France has released from custody Master Sergent Ibrahim Coulibaly, a well known leader of military coups in Cote d'Ivoire, and five other people who were arrested three weeks ago on suspicion of recruiting mercenaries to commit acts of terrorism in the West African country.
French embassy officials confirmed media reports from Paris that Coulibaly and five of his alleged accomplices were freed on bail by an appeal court judge on Tuesday. A total of 12 men were arrested in France on 23 and 24 August. Only four now remain in custody.
Shortly after the wave of arrests in France, Ivorian President Laurent Gbagbo accused Coulibaly, a key figure in previous military coup attempts, of plotting to assassinate him in connivance with several accomplices in the armed forces and police.
Military sources said that more than 50 people were subsequently arrested, including an air force general and a top police officer, although the military prosecutor's office has only admitted holding 18 people - 11 military personnel and seven civilians. These have since been transferred to the jurisdiction of a civil court.
The alleged coup plot was discovered at a time when the peace process in Cote d'Ivoire was threatening to unravel over Gbagbo's refusal to name a minister of defence and a minister of internal security acceptable to all parties in the broad-based government of national reconciliation headed by Prime Minister Seydou Diarra.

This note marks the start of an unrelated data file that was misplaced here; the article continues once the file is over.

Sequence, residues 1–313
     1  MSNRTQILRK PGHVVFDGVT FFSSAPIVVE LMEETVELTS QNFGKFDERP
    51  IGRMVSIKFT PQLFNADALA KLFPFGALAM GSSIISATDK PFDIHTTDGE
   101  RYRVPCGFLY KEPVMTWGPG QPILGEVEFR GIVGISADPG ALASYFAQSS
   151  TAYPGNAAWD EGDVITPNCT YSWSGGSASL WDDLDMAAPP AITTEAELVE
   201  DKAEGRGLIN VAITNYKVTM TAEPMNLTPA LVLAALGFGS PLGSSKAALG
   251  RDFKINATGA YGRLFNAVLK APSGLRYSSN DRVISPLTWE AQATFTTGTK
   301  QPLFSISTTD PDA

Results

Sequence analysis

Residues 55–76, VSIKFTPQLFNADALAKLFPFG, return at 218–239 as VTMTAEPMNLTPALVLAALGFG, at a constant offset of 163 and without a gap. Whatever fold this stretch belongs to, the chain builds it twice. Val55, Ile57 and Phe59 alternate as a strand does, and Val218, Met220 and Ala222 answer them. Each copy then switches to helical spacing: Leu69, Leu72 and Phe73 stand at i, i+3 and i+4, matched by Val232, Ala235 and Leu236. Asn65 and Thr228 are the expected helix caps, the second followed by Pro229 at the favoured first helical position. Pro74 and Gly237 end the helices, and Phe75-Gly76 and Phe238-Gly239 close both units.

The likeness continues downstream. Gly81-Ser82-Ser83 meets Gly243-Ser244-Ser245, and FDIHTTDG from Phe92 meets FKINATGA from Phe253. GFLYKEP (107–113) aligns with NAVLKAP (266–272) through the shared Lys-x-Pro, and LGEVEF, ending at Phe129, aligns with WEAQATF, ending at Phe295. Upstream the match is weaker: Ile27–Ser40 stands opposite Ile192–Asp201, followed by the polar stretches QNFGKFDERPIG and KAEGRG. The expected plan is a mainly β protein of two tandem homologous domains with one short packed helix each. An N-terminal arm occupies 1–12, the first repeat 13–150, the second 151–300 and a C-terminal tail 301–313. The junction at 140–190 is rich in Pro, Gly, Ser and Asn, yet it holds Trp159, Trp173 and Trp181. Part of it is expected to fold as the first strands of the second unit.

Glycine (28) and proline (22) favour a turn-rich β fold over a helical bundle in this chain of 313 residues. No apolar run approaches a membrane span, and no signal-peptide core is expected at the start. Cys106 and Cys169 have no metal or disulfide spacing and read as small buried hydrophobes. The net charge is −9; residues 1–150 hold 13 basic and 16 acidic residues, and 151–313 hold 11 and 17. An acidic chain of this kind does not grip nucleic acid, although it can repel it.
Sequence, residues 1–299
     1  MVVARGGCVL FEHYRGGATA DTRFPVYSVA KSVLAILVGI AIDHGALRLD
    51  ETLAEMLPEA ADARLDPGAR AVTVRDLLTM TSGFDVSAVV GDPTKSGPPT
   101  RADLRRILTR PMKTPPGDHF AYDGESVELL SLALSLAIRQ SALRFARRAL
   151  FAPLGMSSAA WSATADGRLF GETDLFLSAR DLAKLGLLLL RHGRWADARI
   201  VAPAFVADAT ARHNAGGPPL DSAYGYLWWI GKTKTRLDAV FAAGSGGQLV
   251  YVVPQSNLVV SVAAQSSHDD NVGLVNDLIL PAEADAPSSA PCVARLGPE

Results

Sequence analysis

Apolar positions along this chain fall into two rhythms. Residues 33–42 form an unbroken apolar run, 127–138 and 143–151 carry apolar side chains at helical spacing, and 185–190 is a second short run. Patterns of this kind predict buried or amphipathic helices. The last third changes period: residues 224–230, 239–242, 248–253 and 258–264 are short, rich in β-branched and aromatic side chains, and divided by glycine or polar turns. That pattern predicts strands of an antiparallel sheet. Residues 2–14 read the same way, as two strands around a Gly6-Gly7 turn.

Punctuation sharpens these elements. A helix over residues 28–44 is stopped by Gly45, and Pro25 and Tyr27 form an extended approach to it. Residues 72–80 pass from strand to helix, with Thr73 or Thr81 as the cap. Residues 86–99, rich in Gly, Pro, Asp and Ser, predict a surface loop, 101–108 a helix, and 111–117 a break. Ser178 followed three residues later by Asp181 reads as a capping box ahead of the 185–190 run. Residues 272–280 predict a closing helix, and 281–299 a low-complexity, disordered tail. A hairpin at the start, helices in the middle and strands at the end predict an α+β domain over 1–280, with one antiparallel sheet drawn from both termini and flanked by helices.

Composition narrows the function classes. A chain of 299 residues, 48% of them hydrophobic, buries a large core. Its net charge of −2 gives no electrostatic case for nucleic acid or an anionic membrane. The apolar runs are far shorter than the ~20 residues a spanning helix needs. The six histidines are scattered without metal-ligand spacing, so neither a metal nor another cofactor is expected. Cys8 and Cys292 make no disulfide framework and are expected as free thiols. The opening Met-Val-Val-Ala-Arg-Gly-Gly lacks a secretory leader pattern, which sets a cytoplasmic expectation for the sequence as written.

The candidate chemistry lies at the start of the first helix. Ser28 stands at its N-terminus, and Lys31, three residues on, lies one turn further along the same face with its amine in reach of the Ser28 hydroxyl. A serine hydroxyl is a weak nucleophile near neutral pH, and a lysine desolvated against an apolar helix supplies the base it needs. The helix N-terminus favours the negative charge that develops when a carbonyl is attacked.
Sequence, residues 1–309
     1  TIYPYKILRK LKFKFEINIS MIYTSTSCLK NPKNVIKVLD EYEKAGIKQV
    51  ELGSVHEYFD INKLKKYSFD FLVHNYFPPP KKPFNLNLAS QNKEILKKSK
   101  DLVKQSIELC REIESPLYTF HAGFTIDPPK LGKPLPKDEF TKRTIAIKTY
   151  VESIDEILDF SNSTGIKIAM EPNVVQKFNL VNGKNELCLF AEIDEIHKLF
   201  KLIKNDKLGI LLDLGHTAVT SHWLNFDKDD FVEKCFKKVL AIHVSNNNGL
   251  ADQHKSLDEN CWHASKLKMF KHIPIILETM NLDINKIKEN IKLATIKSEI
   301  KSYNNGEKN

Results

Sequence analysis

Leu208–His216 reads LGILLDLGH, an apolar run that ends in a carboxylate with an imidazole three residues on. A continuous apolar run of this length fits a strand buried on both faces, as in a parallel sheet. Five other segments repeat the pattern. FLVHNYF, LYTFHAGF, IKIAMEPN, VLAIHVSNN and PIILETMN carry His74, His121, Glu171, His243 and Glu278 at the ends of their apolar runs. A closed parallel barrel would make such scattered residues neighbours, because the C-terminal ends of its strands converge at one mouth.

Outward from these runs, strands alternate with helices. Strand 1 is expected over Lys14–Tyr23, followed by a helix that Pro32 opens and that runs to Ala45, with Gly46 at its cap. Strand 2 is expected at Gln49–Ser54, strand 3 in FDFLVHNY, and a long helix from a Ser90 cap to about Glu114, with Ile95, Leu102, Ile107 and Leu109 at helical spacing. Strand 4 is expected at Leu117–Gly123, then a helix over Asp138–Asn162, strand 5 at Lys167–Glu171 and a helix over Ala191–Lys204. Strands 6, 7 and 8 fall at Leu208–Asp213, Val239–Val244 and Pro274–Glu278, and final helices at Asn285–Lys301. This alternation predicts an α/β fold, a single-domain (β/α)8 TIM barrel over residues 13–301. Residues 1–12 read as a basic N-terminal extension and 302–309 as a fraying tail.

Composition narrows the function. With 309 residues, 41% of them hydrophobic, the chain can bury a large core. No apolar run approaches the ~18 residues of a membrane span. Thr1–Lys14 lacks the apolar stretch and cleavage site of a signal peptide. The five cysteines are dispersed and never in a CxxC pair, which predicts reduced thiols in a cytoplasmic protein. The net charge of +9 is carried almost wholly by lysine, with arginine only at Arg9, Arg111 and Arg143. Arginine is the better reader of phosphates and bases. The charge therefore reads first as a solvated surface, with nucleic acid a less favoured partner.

Created in March, Diarra's administration has been charged with healing the rifts caused by the outbreak of civil war in September last year. It is due to lead Cote d'Ivoire into fresh elections in 2005.
But eight months after the signing of a French-brokered peace agreement in January, rebel forces occupying the north of the country have yet to disarm and allow the return of civilian administrators to the vast area they control.
Last weekend, however, Gbagbo cleared the way for the process of disarmament to begin by choosing new ministers of defence and internal security from a list of four names submitted to him by the prime minister.
The northern rebels immediately objected to the appointments, but diplomats and political sources said they would reluctantly accept them and continue implementing the January peace agreement.
The rebel Patriotic Movement of Cote d'Ivoire (MPCI) disassociated itself from the alleged coup plot and said Coulibaly was not a member of the organisation. However, it campaigned hard for his release and is likely be mollified by the French court's decision to free him.